Saturday, April 16, 2005

Sudan says oil discovered in impoverished Darfur

Here is no surprise. But, if true, it is the first time a Sudanese official has confirmed it: an oil field has been discovered in southern Darfur.

Note, southern Darfur is the region where a savage attack on Khor Abeche [which was controlled by the SLM, the main rebel group in Darfur] by 200 militia and a group of 150 people hailing from Niteaga took place April 7, 2005.


Published April 16, 2005

KHARTOUM, Sudan -- Sudan said Saturday initial oil drilling operations in the troubled Darfur region indicate there is abundant oil in the area.

Sudan Energy Minister Awad al-Jaz told reporters in Khartoum an oil field was found in southern Darfur and it is expected to produce 500,000 barrels of oil per day by August.

Most of the country's oil production comes from oil fields in southern Sudan, where a peace treaty was recently signed between the government and rebels.

According to the accord, 50 percent of oil revenues from the south will go to the Sudan People's Liberation Movement [the former rebel group of south Sudan], while the other half to Khartoum.

The country started exporting oil in August 1999.

Sudan Energy Minister Awad Ahmed Al-Jaz
Photo: Sudan Energy Minister Awad Ahmed Al-Jaz (Sudan Tribune)
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Further reading

July 6, 2004 Zaman online report 'Oil Underlies Darfur Tragedy'

July 11, 2004 post - Arab sources say oil discovered in Darfur - Sudan and India sign new pipeline deal.

July 12, 2004 post by Jim Moore re Oil and Darfur.

Dec 4, 2004 post on Oil and Darfur - India signs new pipeline deal - France interested in Uranium and has drilling rights.

Apr 3, 2005 post - Oil found in South Darfur - Oil issues threaten to derail Sudan hopes for peace.

Apr 10, 2005 post - India to send peacekeeping force next month to police southern Darfur, Sudan
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China National Petroleum Corp owns most of a field in southern Darfur

Here are some excerpts from a Washington Post report by Peter S. Goodman, December 23, 2004:

A report by the U.S.-funded Civilian Protection Monitoring Team, which investigates attacks in southern Sudan, asserted that government troops have "sought to clear the way for oil exploration and to create a cordon sanitaire around the oil fields."

China National Petroleum Corp., still owned by the Communist Party government, bought into the Sudan consortium in 1996. It joined with Sudan's Energy Ministry to build the country's largest refinery, then last year invested in a $300 million expansion that nearly doubled production, according to a report in the Shenzhen Business Post.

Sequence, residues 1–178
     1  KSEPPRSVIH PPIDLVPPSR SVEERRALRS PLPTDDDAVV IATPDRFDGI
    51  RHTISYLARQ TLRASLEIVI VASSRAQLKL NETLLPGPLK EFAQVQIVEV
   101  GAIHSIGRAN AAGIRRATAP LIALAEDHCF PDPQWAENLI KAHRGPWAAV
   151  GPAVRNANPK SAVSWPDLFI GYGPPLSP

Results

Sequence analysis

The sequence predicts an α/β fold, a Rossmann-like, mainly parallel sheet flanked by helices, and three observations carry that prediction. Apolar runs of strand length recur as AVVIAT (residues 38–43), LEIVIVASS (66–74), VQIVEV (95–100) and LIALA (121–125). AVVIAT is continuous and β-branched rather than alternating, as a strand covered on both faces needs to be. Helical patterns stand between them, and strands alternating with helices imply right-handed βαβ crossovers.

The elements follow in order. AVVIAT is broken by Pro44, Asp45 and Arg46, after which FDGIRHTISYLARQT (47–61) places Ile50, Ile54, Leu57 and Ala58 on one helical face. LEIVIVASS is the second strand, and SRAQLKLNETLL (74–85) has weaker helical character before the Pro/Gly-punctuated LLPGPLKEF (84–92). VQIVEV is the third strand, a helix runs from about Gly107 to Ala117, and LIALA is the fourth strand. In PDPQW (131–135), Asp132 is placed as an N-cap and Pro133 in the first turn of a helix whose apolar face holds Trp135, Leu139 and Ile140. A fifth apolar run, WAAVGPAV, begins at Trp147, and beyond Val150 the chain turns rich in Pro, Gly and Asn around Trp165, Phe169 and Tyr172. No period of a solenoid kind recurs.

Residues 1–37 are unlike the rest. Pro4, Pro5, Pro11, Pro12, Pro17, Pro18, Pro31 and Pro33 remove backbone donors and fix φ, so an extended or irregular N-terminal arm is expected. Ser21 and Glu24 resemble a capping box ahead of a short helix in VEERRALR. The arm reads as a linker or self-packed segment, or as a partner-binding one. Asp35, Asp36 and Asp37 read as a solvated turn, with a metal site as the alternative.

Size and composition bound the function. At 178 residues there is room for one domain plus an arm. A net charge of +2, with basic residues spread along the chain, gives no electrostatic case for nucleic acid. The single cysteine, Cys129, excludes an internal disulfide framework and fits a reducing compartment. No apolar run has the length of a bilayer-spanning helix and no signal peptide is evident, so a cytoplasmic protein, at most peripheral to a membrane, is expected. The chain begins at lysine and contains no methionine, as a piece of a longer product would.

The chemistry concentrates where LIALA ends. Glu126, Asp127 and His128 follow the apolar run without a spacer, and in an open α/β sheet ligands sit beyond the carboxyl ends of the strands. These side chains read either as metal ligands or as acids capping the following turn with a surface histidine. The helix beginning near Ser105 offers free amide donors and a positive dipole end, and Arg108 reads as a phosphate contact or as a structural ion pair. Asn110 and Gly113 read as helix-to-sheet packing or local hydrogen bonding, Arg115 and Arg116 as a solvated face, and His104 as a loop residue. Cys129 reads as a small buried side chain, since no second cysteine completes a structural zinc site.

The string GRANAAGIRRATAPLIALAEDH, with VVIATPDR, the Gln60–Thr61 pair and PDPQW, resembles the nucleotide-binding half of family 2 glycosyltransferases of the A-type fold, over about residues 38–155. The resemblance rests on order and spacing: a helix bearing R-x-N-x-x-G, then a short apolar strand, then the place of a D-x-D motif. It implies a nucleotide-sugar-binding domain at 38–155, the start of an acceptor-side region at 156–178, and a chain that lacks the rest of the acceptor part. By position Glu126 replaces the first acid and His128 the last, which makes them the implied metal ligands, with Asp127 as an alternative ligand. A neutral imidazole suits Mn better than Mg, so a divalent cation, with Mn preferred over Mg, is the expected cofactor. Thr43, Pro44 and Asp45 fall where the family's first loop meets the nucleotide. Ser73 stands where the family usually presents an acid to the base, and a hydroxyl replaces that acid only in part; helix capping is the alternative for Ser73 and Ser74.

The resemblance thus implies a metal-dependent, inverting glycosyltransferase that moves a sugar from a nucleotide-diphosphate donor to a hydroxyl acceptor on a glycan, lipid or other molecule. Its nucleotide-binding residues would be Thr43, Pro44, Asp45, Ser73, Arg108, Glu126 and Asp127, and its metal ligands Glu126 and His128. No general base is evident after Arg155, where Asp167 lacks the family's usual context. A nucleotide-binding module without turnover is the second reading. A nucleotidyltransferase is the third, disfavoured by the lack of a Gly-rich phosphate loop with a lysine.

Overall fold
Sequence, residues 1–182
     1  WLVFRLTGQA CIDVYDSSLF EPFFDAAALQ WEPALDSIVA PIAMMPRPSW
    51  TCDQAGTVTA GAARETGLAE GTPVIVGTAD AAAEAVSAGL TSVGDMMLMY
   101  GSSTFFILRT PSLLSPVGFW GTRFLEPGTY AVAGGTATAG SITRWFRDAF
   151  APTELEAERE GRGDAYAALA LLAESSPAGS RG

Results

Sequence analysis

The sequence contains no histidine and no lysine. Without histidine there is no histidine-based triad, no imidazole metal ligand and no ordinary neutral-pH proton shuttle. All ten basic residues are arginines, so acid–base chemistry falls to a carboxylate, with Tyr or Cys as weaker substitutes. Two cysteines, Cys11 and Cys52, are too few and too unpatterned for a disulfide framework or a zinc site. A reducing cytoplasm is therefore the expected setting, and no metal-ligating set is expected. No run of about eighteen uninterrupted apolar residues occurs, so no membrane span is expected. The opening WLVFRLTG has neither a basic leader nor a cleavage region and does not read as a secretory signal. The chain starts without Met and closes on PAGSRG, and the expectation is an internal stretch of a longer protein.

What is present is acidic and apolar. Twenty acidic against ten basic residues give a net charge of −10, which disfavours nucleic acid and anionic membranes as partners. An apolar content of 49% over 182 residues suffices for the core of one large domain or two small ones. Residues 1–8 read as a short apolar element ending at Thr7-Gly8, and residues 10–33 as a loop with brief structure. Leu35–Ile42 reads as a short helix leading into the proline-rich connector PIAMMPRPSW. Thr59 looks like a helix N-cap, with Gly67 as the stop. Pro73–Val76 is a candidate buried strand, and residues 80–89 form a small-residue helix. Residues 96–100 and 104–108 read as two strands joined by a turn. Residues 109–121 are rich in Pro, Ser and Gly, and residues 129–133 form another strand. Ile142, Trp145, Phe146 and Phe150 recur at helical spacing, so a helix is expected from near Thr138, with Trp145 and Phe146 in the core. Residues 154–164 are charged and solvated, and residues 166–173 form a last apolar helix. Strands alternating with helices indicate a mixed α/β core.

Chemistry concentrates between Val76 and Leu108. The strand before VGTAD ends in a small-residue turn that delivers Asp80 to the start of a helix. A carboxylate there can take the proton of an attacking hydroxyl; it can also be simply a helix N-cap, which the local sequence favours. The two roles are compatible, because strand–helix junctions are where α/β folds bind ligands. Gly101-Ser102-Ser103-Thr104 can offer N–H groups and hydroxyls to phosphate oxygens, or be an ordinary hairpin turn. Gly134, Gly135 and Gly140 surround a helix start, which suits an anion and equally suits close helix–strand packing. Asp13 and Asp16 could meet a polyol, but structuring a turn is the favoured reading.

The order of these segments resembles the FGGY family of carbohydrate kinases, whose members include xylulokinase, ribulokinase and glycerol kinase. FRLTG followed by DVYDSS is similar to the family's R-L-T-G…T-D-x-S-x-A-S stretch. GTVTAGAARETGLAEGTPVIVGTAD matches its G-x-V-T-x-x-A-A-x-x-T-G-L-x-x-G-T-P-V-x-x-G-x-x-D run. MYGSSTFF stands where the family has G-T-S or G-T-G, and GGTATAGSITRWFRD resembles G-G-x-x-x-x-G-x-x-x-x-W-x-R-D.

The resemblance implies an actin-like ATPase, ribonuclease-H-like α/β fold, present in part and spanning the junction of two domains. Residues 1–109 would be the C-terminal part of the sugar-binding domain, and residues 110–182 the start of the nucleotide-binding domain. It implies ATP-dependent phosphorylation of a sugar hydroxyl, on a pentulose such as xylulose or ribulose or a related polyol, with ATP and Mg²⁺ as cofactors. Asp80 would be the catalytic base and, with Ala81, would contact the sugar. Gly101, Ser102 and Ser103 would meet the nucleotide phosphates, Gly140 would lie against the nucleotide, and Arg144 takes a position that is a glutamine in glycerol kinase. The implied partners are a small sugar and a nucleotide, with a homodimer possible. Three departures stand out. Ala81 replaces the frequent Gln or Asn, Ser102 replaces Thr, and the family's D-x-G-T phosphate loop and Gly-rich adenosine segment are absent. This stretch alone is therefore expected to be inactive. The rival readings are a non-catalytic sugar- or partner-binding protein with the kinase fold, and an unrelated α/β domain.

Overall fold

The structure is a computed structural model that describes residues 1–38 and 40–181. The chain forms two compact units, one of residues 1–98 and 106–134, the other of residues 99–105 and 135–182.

The consortium's Heglig and Unity oil fields now produce 350,000 barrels per day, according to the U.S. Energy Department. Separately, CNPC owns most of a field in southern Darfur, which began trial production this year, and 41 percent of a field in the Melut Basin, which is expected to produce as much as 300,000 barrels per day by the end of 2006. Another Chinese firm, Sinopec Corp., is erecting a pipeline from that complex to Port Sudan on the Red Sea, where China's Petroleum Engineering Construction Group is building a tanker terminal.
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See oil concession map in sidebar on right. The following information is from USAID:

1 (Unity) Greater Nile Petroleum Operating Company
2 (Heglig) Talisman Energy Inc. (Canada)
4 (Kailkang) Petronas Carigali (Malaysia), Sudapet (Sudan) and China National Petroleum Corporation (CNPC)
3 (Adar) Gulf Petroleum Corporation (Qatar),
7 (Mellut) Sudapet (Sudan) and China National Petroleum Corporation (CNPC)
5a Lundin Oil AB International Petroleum Corporation (IPC) (Sweden) Petronas Carili (Malaysia) OMV Sudan Exploration GmbH (Austria) and Sudapet (Sudan)
5 (Central) TotalElFina (France)
6 China National Petroleum Corporation (CNPC)

[Oil Concession information from]

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